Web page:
During the last eighteen months the sum of one hundred and twenty-nine thousand, six hundred and thirty-three pounds were expended in the improvement of Kingstown and Dunmore harbours, the making of roads on the Antrim coast, and the building of bridges, and other improvements in different parts of Ireland. The consequences of these works are already beginning to be manifested in the improved condition of the inhabitants in their vicinity, and the altered aspect of the immediately adjoining face of the country.
The commissioners themselves say that ‘Wherever a new road is constructed, flourishing farms at once spring up, and the carts of the countrymen press on the heels of the road-makers as the work advances’. And in a preceding paragraph the following most important information is given: — ‘In traversing a country covered with farms, and in a high state of cultivation, showing every sign of a good soil and of amply remunerating produce, it becomes difficult to credit the fact that, ten or twelve years since, the whole was a barren waste, the asylum of a miserable and lawless peasantry, who were calculated to be a burden rather than a benefit to the nation; and that this improvement may entirely be attributed to the expenditure of a few thousands of pounds, in carrying a good road of communication through the district’.
What Ireland stands most in need of at the present moment is, a cheap and expeditious means of having her agricultural produce conveyed from the heart of the country to the extremities. Now, in our judgment, the best way of effecting this would be by canals, of which she stands in the greatest need.
The first of these should be a canal from Dublin to Galway, which would cut the whole island across, from east to west, uniting St George’s channel with the Atlantic ocean. This line of communication between the capital of Ireland and a great commercial town on the extreme coast, would be of immense importance to the inhabitants of both, but of still more so to the whole population of Connaught, among whom it would be the direct means of introducing manufacturing industry, and a taste for the arts, enjoyments, and elegancies of civilized life. The distance between Dublin and Galway is about one hundred and four miles, through which a direct line of canal has already been carried for forty-two miles — namely, from Dublin to Philipstown; so that in point of fact the work is already begun, and only wants the aid of government, and the assistance of the landed proprietors in King’s County, Roscommon, and Galway, the value of whose estates would be trebled by it, to effect its entire completion.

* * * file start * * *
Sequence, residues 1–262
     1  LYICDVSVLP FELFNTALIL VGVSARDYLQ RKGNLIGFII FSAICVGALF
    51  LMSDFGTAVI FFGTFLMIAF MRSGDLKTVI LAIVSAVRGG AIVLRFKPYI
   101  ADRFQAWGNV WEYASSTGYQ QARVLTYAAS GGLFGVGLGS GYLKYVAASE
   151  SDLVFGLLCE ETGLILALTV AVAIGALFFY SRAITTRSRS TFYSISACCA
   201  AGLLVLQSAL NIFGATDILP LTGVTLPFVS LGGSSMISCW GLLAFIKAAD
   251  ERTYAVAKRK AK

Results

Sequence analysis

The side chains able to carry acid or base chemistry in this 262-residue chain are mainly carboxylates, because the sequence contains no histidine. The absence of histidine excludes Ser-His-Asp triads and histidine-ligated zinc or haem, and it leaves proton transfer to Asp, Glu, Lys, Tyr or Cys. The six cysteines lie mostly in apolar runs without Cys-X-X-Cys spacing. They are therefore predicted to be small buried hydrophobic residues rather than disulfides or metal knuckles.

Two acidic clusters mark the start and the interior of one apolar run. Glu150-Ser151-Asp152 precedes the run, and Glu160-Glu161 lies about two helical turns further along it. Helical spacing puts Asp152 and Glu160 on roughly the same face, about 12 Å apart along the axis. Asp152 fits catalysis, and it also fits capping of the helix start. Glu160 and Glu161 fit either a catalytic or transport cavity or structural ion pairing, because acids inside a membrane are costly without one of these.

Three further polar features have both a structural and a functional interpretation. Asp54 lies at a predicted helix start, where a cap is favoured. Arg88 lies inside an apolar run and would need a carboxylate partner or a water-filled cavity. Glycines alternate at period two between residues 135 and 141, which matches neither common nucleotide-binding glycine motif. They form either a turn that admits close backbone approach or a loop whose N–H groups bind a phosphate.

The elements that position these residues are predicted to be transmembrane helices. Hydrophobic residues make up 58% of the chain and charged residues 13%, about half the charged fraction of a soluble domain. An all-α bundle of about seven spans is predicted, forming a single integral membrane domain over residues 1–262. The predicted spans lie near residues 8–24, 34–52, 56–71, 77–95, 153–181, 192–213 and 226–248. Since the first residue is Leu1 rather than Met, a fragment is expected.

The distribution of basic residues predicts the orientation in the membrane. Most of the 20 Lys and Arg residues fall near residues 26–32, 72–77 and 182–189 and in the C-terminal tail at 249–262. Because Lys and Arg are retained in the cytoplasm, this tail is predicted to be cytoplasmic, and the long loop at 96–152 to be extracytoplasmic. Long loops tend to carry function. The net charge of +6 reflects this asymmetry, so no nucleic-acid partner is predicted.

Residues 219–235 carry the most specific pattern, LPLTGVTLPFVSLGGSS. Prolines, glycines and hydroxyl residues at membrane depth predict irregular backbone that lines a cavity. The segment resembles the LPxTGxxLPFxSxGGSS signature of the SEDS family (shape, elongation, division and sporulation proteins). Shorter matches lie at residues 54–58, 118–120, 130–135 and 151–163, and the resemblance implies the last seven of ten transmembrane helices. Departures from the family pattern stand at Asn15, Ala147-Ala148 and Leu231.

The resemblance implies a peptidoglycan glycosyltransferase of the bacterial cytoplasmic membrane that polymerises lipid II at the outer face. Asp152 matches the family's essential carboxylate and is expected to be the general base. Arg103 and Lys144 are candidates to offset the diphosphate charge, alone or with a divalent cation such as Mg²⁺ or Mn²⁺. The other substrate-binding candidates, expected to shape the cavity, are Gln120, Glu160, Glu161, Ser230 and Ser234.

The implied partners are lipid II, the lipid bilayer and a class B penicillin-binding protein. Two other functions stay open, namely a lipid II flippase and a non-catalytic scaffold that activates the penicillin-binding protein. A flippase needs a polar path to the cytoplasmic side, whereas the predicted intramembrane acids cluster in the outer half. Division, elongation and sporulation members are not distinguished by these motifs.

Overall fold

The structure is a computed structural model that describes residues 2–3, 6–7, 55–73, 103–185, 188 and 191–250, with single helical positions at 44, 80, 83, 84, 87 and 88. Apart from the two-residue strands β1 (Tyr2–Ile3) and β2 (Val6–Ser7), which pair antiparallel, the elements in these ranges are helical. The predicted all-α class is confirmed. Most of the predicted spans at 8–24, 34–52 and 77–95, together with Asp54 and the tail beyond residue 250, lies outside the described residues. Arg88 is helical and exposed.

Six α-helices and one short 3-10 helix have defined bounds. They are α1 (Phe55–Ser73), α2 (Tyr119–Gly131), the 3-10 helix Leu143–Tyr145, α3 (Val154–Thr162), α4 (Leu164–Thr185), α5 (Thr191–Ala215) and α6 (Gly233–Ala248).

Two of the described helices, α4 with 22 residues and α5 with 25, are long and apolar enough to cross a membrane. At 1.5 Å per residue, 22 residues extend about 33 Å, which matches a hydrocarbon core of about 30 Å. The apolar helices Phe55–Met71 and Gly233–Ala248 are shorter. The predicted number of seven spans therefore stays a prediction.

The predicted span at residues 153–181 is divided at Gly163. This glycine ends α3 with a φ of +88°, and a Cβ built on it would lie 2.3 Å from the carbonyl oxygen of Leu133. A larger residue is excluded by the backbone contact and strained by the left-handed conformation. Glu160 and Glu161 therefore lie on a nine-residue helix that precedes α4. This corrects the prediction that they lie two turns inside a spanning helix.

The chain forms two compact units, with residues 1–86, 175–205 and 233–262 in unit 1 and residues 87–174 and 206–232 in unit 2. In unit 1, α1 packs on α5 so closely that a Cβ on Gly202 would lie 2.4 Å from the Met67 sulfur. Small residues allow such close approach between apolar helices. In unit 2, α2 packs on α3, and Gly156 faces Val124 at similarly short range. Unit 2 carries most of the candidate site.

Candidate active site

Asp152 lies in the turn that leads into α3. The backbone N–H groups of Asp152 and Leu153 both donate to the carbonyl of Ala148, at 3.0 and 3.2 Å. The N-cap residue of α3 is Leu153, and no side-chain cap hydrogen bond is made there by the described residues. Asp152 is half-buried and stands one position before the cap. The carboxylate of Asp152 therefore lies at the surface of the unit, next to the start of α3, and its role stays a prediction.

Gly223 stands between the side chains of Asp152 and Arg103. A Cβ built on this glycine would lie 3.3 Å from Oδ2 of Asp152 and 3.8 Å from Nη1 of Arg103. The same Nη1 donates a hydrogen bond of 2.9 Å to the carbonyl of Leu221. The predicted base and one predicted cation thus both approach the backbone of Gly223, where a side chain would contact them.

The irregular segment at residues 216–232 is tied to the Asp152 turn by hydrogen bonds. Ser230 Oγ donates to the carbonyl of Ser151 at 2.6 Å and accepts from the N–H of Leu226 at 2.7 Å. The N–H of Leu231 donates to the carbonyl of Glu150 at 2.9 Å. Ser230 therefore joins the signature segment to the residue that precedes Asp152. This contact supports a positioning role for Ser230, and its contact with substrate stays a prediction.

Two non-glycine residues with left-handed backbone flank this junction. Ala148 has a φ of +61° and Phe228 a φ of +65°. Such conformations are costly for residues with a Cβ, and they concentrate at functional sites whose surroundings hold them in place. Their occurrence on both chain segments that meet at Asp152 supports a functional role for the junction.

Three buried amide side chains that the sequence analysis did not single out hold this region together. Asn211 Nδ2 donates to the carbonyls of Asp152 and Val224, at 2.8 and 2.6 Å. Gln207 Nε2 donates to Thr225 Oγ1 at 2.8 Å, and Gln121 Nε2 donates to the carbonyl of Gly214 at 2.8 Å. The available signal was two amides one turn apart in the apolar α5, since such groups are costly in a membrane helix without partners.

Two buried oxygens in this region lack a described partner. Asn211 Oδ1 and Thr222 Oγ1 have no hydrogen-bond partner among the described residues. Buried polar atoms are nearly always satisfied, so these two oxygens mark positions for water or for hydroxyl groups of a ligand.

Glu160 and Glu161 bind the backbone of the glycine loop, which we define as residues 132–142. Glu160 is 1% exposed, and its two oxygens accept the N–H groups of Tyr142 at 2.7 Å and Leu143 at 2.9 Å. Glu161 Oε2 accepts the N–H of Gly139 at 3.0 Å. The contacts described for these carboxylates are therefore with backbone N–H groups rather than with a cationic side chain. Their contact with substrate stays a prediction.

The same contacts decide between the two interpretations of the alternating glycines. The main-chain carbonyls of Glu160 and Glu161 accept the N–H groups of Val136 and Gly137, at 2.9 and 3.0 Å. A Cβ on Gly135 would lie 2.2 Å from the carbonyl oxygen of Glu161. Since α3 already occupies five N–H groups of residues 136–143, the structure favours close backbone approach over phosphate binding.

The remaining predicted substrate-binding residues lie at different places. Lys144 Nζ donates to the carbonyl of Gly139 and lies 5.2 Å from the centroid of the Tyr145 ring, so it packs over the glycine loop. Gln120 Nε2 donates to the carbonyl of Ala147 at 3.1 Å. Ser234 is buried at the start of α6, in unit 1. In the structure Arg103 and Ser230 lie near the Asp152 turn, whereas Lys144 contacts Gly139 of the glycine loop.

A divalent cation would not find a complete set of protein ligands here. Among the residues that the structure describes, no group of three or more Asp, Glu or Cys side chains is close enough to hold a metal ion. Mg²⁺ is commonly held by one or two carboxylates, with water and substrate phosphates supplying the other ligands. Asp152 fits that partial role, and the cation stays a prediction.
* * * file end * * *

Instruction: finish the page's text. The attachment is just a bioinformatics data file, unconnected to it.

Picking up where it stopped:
The next line of canal should be from Ballyshannon Harbour to Dundalk, by Enniskillen, by which the greatest facilities would be given to agriculture and manufacturing improvements in the counties of Donegal, Fermanagh, and Leitrim; and more especially to the trade of Ballyshannon and Dundalk, which, though capable of being made emporiums of provincial industry and wealth, are now little better than marts for the fish caught along their coasts. However, great praise is due to Colonel Conolly, the member for Donegal, who has advanced a thousand pounds, and given security for four thousand more, for repairing the harbour of Ballyshannon, which, when finished, will be of great benefit to the people of the town, and the inhabitants along the western coast, from Sligo to Killybegs.
The last line of communication which we would suggest to the government, besides the navigation of the Shannon, which is sufficiently dwelt upon in the reports of the select committee on that subject, is a canal from Waterford to Sligo, intersecting the canal from Dublin to Galway, somewhere about Philipstown.
This, with such a line of communication from Dublin to Belfast, would unite all Ireland; and in a very few years would render the country as prosperous, as rich, and as contented as any in Europe. The intercourse which those canals would give rise to between the people in every part of the provinces, would extinguish that spirit of religious animosity which now divides and destroys them. Bring men only together, and they will soon remove the prejudices of each other.
The people of Ireland are at present as much removed from each other at the distance of fifty miles apart, as if the whole Indian ocean rolled between them. Hence, the jealousies, and hatreds, and cherished recollections of feudal wrongs, so common in almost every district of Munster and Connaught. But let once manufacturing industry prevail in these districts — let the voice of the mechanic be heard in the villages — and we will pledge ourselves that the people of Ireland, with all their alleged love of mischief, will find other employment than that of parading nightly in a Captain Rock uniform, or recording vows of vengeance against Sassenachs and collectors of king’s taxes.”
The Directors of this Company will receive Tenders for providing and erecting (exclusive of masonry) two Wrought Iron Water Tanks, each to contain, when full, 6000 gallons of water, and each to be connected with two swing water cranes, with proper valves, &c. Also, for two Water Cranes, connected by pipes, 6 diameter [sic], with the water in the Royal Canal. Tenders to quote price per 100 feet, length of pipes, and to be sent in with a drawing and short specification, addressed to the Chairman at 23 College-green, Dublin, and endorsed, “Tender for Water Tanks and Cranes”, on or before Noon of 9th November, 1846. The whole to be completed on or before the 20th January, 1847, under a penalty of £2 per day. If further information is required apply to G W Hemans Esq, Engineer to the Company, at 53 Upper Sackville-street, Dublin; and the Directors do not bind themselves to take the lowest tender.
By order, Henry Beausire, Sec, Dublin, 23 College-green, 26th Oct, 1846
Saunders’s News-Letter 3 November 1846